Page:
The finding from a scientific team including Brown University comes from the first-ever measurements of water in lunar melt inclusions. Those measurements show that some parts of the lunar mantle have as much water as Earth’s upper mantle.
Lunar melt inclusions are tiny globules of molten rock trapped within crystals that are found in volcanic glass deposits formed during explosive eruptions. The new finding, published this week inScience Express, shows lunar magma water contents 100 times higher than previous studies have suggested.
The result is the culmination of years of investigation by the team searching for water and other volatiles in volcanic glasses returned by NASA Apollo missions in the late 1960s and early 1970s. In a paper in Nature in 2008, the same team led by Alberto Saal, associate professor of geological sciences at Brown, reported the first evidence for the presence of water and used models to estimate how much water was originally in the magmas before eruption.
“The bottom line,” said Saal, an author on the ScienceExpress paper and the principal investigator on the research grants, “is that in 2008, we said the primitive water content in the lunar magmas should be similar to the water content in lavas coming from the Earth’s depleted upper mantle. Now, we have proven that is indeed the case.”
The new finding got a critical assist from a Brown undergraduate student, Thomas Weinreich, who found the melt inclusions that allowed the team to measure the pre-eruption concentration of water in the magma and to estimate the amount of water in the Moon’s interior. In a classic needle-in-the-haystack effort, Weinreich searched through thousands of grains from the famous high-titanium “orange soil” discovered by astronaut Harrison Schmitt during the Apollo 17 mission before finding ten that included melt inclusions.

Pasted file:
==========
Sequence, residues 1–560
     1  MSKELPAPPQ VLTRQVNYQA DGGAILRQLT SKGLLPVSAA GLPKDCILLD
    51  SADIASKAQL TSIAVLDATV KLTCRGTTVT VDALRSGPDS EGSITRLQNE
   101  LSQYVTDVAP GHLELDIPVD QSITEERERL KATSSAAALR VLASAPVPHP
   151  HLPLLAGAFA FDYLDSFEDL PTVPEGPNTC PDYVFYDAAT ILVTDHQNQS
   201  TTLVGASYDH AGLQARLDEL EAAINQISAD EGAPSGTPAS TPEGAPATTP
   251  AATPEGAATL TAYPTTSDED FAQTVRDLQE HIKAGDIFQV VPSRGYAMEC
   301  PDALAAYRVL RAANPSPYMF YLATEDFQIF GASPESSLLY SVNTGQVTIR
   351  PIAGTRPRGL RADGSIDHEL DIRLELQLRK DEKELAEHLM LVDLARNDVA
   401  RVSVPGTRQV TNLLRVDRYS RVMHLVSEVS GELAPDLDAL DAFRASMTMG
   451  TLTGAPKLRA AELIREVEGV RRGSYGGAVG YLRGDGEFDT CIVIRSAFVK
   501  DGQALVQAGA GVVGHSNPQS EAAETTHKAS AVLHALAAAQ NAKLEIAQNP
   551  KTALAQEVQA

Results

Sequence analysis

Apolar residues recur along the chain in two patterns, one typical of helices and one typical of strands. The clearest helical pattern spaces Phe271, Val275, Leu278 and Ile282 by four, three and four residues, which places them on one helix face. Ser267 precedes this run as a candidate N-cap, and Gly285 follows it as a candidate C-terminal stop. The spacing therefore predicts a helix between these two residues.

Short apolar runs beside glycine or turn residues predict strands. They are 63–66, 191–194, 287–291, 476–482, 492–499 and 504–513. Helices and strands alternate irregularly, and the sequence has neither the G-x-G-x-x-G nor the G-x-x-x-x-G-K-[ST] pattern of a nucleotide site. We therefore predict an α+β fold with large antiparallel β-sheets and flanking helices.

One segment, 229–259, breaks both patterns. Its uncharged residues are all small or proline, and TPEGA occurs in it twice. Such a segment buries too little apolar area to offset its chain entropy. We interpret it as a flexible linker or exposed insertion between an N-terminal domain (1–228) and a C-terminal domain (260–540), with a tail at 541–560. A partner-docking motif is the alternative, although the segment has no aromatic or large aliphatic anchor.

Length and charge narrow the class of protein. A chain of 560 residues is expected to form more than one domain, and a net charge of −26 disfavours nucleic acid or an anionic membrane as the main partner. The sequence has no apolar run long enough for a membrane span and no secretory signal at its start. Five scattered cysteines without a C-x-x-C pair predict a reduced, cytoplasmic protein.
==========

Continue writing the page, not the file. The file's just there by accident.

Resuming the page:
“It just looks like a clear sample with some black specks in it,” said Weinreich, the second author on the paper.
Compared with meteorites, Earth and the other inner planets of our solar system contain relatively low amounts of water and volatile elements, which were not abundant in the inner solar system during planet formation. The even lower quantities of these volatile elements found on the Moon has long been claimed as evidence that it must have formed following a high-temperature, catastrophic giant impact. But this new research shows that aspects of this theory must be reevaluated.
“Water plays a critical role in determining the tectonic behavior of planetary surfaces, the melting point of planetary interiors and the location and eruptive style of planetary volcanoes,” said Erik Hauri, a geochemist with the Carnegie Institution of Washington and lead author of the study. “We can conceive of no sample type that would be more important to return to Earth than these volcanic glass samples ejected by explosive volcanism, which have been mapped not only on the moon but throughout the inner solar system.”
The research team measured the water content in the inclusions using a state-of-the-art NanoSIMS 50L ion microprobe.
“In contrast to most volcanic deposits, the melt inclusions are encased in crystals that prevent the escape of water and other volatiles during eruption. These samples provide the best window we have on the amount of water in the interior of the Moon,” said James Van Orman of Case Western Reserve University, a member of the science team.
The study also puts a new twist on the origin of water ice detected in craters at the lunar poles by several recent NASA missions. The ice has been attributed to comet and meteor impacts, but it is possible some of this ice could have come from the water released by eruption of lunar magmas.
Malcolm Rutherford, professor emeritus in geological sciences at Brown, also contributed to the paper. The NASA LASER and Cosmochemistry programs funded the research, with additional support provided by the NASA Lunar Science Institute (NLSI) and the NASA Astrobiology Institute.